Python mutex example

Introduction

I highly recommend that you check out the following article to get a quick idea about different terms used in operating systems with regard to concurrency, multitasking and threading. Back to our topic, In this short post, I am going to demonstrate the use of mutex in python. Let us get started.

Python mutex example

What on earth is a mutex ? In operating systems terminology, a mutex (derived from the words "mutual exclusion") is a synchronization primitive. I know that is not a cool definition for beginners so let us describe it using a real life example. Can we eat a cake before it is baked ? maybe but there is a chance we gonna mess things up. Usually, we wait until the food is cooked then we eat it. This analogy is not far from synchronization primitives (ex. mutex). In a modern operating system, typically, we have an application (process) with multiple threads of execution or subtasks. We want the threads to run simultaneously without interfering, otherwise; all sorts of nasty bugs happen. If one thread is computing a value and the other thread is waiting to consume that value, then proper synchronization is required. The famous example is a bank account shared between two threads. One thread deposits to the account and the other one withdraws from it. If these two threads are not synchronized then a race condition may happen and the end result people getting fired.

Python mutex vs lock

We should be very careful not to confuse terminology with programming language syntax. Lock is a generic term. It is a mechanism to implement mutual exclusion to protect shared resources between processes or threads. A lock and a mutex are often used interchangeably however in Python the mutex is a module that defines a class to allow mutual exclusion by acquiring and releasing a lock object. Please note that this class is deprecated (in Python 3.0) and should be avoided. We will see later an alternative Python syntax (threading.Lock) to implement mutual exclusion.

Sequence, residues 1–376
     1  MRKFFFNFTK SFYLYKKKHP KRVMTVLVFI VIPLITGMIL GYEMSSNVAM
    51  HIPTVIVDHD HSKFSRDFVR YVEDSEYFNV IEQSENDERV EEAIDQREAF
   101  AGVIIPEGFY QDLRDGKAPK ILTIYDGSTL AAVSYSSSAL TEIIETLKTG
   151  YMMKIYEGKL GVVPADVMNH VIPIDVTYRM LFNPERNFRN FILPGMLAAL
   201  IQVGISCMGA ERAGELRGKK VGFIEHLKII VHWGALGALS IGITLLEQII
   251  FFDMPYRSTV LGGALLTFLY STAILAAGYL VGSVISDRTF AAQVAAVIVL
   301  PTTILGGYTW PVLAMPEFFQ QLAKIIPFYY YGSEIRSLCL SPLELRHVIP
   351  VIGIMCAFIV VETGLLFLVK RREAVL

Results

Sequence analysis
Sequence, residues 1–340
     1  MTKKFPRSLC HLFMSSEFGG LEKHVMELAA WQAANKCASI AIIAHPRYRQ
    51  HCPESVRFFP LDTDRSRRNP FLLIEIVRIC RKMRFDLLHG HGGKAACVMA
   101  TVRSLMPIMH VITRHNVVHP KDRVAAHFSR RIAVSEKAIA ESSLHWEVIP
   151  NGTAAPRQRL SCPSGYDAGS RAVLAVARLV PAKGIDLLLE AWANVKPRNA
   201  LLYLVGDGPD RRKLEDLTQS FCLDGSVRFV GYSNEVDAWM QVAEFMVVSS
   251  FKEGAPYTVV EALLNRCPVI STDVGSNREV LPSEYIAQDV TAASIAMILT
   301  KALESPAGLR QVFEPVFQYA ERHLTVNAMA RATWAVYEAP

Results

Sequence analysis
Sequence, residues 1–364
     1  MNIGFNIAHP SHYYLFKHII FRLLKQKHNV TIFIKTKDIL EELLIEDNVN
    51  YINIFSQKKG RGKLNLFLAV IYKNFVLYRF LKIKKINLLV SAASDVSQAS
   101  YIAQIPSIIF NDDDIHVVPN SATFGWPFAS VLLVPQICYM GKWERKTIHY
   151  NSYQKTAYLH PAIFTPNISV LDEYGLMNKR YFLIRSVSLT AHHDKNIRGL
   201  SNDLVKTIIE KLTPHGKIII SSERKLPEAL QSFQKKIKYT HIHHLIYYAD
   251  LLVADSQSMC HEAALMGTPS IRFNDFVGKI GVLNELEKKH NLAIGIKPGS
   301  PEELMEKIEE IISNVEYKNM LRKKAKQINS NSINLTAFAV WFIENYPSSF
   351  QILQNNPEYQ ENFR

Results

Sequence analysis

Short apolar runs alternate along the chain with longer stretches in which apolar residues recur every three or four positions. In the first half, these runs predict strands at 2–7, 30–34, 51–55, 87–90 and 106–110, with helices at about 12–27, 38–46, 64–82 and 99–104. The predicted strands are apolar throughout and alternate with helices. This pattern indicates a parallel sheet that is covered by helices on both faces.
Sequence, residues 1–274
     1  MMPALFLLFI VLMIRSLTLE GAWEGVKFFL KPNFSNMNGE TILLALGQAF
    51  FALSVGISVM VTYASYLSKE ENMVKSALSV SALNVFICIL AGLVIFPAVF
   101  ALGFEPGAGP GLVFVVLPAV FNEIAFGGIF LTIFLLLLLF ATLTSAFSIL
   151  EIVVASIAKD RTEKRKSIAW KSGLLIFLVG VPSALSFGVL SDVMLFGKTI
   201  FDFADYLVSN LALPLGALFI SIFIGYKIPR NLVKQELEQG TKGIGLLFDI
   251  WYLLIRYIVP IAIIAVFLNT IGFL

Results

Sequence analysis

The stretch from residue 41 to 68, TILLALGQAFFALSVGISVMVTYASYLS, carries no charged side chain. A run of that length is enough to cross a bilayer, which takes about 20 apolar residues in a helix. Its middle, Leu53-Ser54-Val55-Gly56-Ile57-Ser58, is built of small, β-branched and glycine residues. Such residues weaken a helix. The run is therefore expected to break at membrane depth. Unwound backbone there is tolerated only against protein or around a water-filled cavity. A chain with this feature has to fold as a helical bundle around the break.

Python mutex example

Given two threads of execution where each one can run for a random amount of time. Since the threads are running simultaneously, there is no way we can control which one is going to run first and which one is going to run next. Also, we want the first thread to finish first and the second thread to wait until the first thread is done. Let us see how to ensure the order of execution using a mutex.

# Import the required modules
import threading, time, random

# First thread class. Note that we are inheriting
# from the Thread class
class thread_one(threading.Thread):
	# A thread has a run method that needs to
	# be implemented
	def run(self):
		print ("The first thread is now sleeping")
		time.sleep(random.randint(1, 5))
		print("First thread has finished")

# Second thread class
class thread_two(threading.Thread):
	def run(self):
		print ("The second thread is now sleeping")
		time.sleep(random.randint(1, 5))
		print("Second thread has finished")

# Define two threads
t1 = thread_one()
t2 = thread_two()

# Start threads
t1.start()
t2.start()

Since each thread sleeps a random amount of time, there is no guarantee that the first thread is going to finish first. If that happens, this leads to a race condition which may crash the application if the two threads happen to manipulate a shared resource or variable.

Python implement mutex

The solution is straightforward. If the second thread finishes before the first thread, it should wait. To do that, we lock the second thread just after it finishes and force it to wait. Once the first thread is done, we unlock or release the second thread. Here is the modified source code

import threading, time, random

# Python create mutex
my_mutex = threading.Lock()
class thread_one(threading.Thread):
	def run(self):
		# Python mutex global